Diversified industrial United Technologies Corporation (NYSE: UTX) held a meeting for analysts and portfolio managers at the Paris Air Show, in which management outlined progress and expectations for its aerospace businesses in 2017. The next few years are transitional ones for the company, and what it does now is critical for its long-term future.
In this context, let's take a look at the key takeaways for investors.
Geared turbofan: Production issues
For reference the meeting focused on the aerospace business of United Technologies, investors interested in the construction focused business can read more about an earlier presentation in the linked article.
Pratt & Whitney (a United Technologies company) President Bob Leduc gave an interesting presentation which helped dispel investors' fears regarding some of the production issues on the geared turbofan (GTF) engine. First, he reiterated his confidence that 350 to 400 GTF engines will be built in 2017 -- that's good news. For reference, Pratt & Whitney fell short of its original target of 200 in building only 138 in 2016, upsetting airlines and airplane manufacturers in the process.
Second, while the affirmation of the production target is a net positive, readers will want to know more about the two key technical issues (carbon seals and combuster liners) outlined on the earnings call in late April. The good news is that the carbon seal retrofits -- many of which were made by the middle of May -- have not failed on any of the engines in service so far. Consequently, Leduc claimed he was "gaining confidence" in the efficacy of the modification.
Regarding the combuster liner, Leduc claimed the upgrade would be available in October, and testing was in line with expectations -- a confirmation of what CEO Greg Hayes said on the earnings call. All told, it's steady as she goes regarding the technical issues -- no bad thing for investors.
Geared turbofan: Long-term profitability
The GTF update is important for near- and long-term reasons. First, the GTF is competing with General Electric Company's (NYSE: GE) LEAP engine (produced by CFM International, a joint venture between GE and France's Safran) on the Airbus A320neo, and there is evidence that the GTF issues may be allowing GE to win out.
For example, at the Electrical Products Group conference, GE CEO Jeff Immelt said this regarding win rates: "So if you go to the LEAP, it's 100% at Boeing; 100%, COMAC; 55% at Airbus -- but the run rate since January has been substantially above that, right?" The CFM is the sole engine supplier on the Boeing 737 MAX and Comac C919 narrow-body aircraft, so no prizes for the 100% win rate there, but Immelt's comments on Airbus are a concern for United Technologies shareholders.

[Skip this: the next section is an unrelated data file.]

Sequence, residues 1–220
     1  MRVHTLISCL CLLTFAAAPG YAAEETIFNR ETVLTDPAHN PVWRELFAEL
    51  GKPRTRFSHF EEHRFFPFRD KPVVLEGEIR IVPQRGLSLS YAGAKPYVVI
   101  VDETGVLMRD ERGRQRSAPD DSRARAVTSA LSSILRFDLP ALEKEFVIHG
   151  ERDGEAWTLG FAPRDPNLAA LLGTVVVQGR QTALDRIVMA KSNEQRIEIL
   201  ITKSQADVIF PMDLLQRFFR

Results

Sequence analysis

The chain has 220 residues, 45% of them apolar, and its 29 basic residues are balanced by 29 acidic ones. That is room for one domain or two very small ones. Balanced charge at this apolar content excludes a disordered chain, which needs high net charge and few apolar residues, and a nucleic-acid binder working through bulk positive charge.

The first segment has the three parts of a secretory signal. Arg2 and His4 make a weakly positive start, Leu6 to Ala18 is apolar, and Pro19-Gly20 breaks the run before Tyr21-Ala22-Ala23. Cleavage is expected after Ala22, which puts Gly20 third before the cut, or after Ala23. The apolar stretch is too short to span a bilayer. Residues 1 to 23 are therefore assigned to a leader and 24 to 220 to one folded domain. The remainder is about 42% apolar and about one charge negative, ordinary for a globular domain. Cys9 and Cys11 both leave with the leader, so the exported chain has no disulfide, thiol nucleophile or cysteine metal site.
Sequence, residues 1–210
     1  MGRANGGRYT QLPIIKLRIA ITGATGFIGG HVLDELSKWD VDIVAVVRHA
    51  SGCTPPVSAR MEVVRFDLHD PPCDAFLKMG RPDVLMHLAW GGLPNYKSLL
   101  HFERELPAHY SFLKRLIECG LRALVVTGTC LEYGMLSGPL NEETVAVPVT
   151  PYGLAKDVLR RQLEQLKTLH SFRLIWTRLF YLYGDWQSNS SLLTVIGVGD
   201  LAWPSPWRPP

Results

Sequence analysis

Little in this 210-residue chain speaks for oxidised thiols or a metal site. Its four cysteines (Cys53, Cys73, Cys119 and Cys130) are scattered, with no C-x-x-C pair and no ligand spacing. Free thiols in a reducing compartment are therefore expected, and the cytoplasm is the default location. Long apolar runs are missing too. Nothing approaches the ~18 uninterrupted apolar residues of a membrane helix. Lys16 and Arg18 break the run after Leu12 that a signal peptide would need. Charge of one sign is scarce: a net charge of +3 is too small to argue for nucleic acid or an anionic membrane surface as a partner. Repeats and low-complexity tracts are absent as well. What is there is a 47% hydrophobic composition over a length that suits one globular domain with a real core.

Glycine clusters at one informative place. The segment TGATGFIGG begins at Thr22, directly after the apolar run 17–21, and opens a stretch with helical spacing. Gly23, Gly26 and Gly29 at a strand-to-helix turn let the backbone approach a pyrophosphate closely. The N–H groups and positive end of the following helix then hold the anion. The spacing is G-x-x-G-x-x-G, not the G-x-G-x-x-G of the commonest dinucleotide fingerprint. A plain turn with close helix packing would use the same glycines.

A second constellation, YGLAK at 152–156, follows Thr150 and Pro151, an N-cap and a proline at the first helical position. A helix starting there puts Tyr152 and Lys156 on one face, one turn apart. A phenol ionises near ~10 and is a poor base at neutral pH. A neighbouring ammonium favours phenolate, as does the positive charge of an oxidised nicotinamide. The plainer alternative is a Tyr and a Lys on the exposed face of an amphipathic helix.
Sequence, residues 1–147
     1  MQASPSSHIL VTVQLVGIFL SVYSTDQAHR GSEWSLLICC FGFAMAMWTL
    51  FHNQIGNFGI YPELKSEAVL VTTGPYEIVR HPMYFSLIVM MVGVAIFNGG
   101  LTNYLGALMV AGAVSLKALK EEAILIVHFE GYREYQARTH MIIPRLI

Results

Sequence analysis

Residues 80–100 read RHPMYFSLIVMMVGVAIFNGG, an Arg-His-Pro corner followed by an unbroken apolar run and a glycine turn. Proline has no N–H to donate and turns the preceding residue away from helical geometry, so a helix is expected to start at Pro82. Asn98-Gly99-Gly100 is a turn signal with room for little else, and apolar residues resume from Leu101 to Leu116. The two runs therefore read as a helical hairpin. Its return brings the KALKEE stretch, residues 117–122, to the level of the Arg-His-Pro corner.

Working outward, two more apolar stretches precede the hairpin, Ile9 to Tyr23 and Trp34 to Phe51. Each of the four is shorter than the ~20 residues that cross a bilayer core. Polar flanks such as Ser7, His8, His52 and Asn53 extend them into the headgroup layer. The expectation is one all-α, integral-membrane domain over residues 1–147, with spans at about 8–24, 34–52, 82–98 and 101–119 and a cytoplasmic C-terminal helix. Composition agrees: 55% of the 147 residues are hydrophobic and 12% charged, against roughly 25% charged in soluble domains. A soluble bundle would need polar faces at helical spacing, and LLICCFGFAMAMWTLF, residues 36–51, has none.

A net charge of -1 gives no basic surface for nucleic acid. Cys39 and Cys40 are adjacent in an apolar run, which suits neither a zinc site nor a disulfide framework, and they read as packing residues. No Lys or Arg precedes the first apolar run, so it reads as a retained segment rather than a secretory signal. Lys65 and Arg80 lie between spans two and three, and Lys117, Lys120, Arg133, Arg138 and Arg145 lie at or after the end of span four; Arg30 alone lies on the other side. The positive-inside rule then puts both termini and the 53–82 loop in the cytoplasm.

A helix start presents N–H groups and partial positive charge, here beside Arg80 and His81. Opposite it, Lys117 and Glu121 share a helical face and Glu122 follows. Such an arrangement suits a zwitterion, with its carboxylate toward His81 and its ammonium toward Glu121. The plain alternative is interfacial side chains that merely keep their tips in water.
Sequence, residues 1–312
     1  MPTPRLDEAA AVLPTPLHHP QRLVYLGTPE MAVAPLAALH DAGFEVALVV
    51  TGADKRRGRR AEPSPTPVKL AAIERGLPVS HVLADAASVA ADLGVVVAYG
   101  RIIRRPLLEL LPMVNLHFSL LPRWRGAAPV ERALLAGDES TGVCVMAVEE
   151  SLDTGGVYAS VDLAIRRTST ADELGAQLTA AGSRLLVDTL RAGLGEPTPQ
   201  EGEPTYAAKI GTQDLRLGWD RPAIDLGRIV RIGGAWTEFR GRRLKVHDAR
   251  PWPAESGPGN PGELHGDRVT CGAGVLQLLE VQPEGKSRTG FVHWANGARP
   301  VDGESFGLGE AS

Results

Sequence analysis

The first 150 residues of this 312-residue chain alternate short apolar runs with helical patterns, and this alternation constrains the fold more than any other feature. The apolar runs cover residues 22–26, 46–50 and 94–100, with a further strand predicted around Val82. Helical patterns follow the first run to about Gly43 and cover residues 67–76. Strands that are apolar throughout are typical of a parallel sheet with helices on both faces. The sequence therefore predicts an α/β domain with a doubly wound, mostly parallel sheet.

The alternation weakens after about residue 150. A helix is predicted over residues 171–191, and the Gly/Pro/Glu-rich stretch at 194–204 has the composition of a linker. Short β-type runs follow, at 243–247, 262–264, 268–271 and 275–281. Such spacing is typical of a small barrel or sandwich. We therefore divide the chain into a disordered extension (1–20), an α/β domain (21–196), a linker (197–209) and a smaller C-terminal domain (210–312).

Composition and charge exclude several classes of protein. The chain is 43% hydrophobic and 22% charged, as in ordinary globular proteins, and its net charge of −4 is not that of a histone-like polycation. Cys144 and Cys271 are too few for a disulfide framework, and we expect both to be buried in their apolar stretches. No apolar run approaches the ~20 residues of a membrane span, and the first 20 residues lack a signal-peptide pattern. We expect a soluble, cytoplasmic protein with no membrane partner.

Leduc has high hopes for the GTF. In fact, he outlined that Pratt currently has around 10,500 engines installed on large commercial aircraft, but that's expected to increase to more than 20,000 by 2030 with the GTF comprising 15,000 of that figure. Moreover, the GTF's estimated revenue for the life of its program is $500 billion, a figure dwarfing Pratt's estimate of $150 bilion for the V2500 -- an engine for the Airbus A320 produced by a Pratt-backed consortium, International Aero Engines.
UTC Aerospace Systems
The other United Technologies aerospace systems business also had the segment's president, Dave Gitlin, reiterate its 2017 and 2020 outlooks, but there was a subtle change in the nature of the sales guidance. The segment generates around 45% of its sales from commercial OEM (original equipment manufacturer) sales, with 30% coming from commercial aftermarket and 25% from space & defense sales. The good news is that aftermarket sales were very strong in the first quarter (up 12%), and much better than the full-year guidance for a low to mid-single-digit increase. Indeed, Gitlin suggested sales could be at the high end of the range.
On the other hand, OEM continues to face sales headwinds due to weakness in wide-body, regional, and business jets, plus discontinued production of landing gear for the Boeing 777. Gitlin outlined that full-year OEM sales guidance in March was for mid to high-single-digits for 2017, but suggested it was likely to be closer to mid-single-digits.
All told, this is net neutral, but investors will hope aftermarket sales remain strong in the next year or so, because the company still needs to make cost reductions on OEM equipment production -- particularly on the new aircraft programs it's selling into.
Clearly, there are still issues with the GTF that need to be addressed by the update, in line with previous statements. Pratt faces strong competition from GE Aviation on the Airbus A320neo program. Aerospace systems still faces headwinds with OEM sales, and there is no guarantee that aftermarket sales -- which tend to be lumpy -- will continue in such a strong vein. All told, it was a broadly positive presentation.
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